Shiny imprint of New Adult called Flirt.  Plus vast majority of books being published and categorical under New Adult are romantic intrigue genre.  Therefore, New Adult = romantic intrigue books that have younger protagonists for women ages 18-26.  What happened to the coming-of-age topics?  What happened to the other flavors, the sci-fi, fantasy, historical, thriller, literary?  Between the imprint name and the marketing, what are publishers demonstrating about their opinion of the target audience?  Do they not trust young women to seek out and read quality literature?  Instead of simply encouraging them to read the good books that they want to, why do the publishers think the books have to be decked out in such a way for the target audience to choose to read them?  Why is there a stigma of guilt associated with either the content or the act of reading, such that publishers think it has to be disguised as something with stylish appearance?  

Why do we have to turn something that could have been good into basically permission-giving for people to read one particular sub-genre without guilt?

Of course, there are other arguments, both for and against New Adult.  For more on the discussion, check out:

Karen’s 2 Cents: How in the world could something categorized as ages 14 -17 be considered NEW ADULT? 14 year olds are not adults.

Take 5: Vampire Books with Bite

There are no shortage of YA Vampire books, many of them extremely popular.  So here are 5 that are not wildly popular that I think should be – and as an added bonus, there are no sparkling vampires.

Peeps by Scott Westerfeld
This book rocks! In this universe, vampirism is a disease.  And every other chapter is a look at a real parasite in the world of biology.  So you read a great vampire story AND you learn some freaky facts about science.  I wouldn’t eat while you are reading it, but I would read it.

Jessica’s Guide to Dating on the Dark Side by Beth Fantaskey
You know that wicked hot guy that you keep staring down at the bus stop? He’s a vampire.  And – more importantly – you were sworn to be his bride way back when you were a wee little tot.  Surprise!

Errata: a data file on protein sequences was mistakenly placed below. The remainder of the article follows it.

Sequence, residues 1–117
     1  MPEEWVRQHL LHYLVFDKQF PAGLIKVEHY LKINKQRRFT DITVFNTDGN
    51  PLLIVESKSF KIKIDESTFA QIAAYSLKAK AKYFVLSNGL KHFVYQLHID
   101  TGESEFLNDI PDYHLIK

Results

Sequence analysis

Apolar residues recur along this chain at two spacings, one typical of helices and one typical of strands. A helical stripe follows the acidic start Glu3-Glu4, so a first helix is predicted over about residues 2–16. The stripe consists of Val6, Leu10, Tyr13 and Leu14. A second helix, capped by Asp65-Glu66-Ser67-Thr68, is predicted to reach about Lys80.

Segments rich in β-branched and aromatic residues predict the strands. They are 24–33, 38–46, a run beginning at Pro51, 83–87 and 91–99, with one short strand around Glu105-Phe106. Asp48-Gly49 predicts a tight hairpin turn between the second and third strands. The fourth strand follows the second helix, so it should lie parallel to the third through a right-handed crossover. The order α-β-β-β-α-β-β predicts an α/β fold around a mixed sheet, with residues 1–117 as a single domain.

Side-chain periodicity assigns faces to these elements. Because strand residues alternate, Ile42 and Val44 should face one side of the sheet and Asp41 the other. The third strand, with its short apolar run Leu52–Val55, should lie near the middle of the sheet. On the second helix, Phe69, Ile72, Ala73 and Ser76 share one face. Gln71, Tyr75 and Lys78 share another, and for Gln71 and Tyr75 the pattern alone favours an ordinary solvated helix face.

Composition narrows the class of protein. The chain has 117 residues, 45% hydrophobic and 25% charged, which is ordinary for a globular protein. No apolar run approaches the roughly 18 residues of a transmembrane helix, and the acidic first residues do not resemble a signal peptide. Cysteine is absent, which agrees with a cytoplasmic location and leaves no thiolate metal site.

“Lucius paused, turning on his heel to face me. “I grow weary of your ignorance.” He moved closer to me, leaning down and peering into my eyes. “Because your parents refuse to inform you, I will deliver the news myself,and I shall make this simple for you.” He pointed to his chest and announced, as though talking to a child, “I am a vampire.” He pointed to my chest. “You are a vampire. And we are to be married, the moment you come of age. This has been decreed since our births.”

Chronicles of Vladimir Tod by Heather Brewer
Eighth Grade Bites, Ninth Grade Slays, Tenth Grade Bleeds, Eleventh Grade Burns, Twelfth Grade Kills
Half vampire, Vlad struggles with his blood lust urges – and the daily tribulations of life in middle school and high school.  I have a group of kids that come into the library that think this series is the best thing since sliced bread.  Eighth Grade Bites was a 2008 Quick Picks for Reluctant Readers.  There is a companion series called The Slayer Chronicles.

“Whoever had decided that school should start so early in the morning and last all day long needed to be hunted down and forced to watch hours of educational television without the aid of caffeine.”
Heather Brewer, Eighth Grade Bites

Sweetblood by Pete Hautman
Once a straight A student, Lucy now finds her life falling completely apart.  She also fears she may be turning into a vampire.  In the end, Hautman has written a very interesting look at the life of a girl with uncontrolled diabetes. Read Pete Hautman’s essay on how he came to write Sweetblood here.  For the record, this is not technically a vampire book.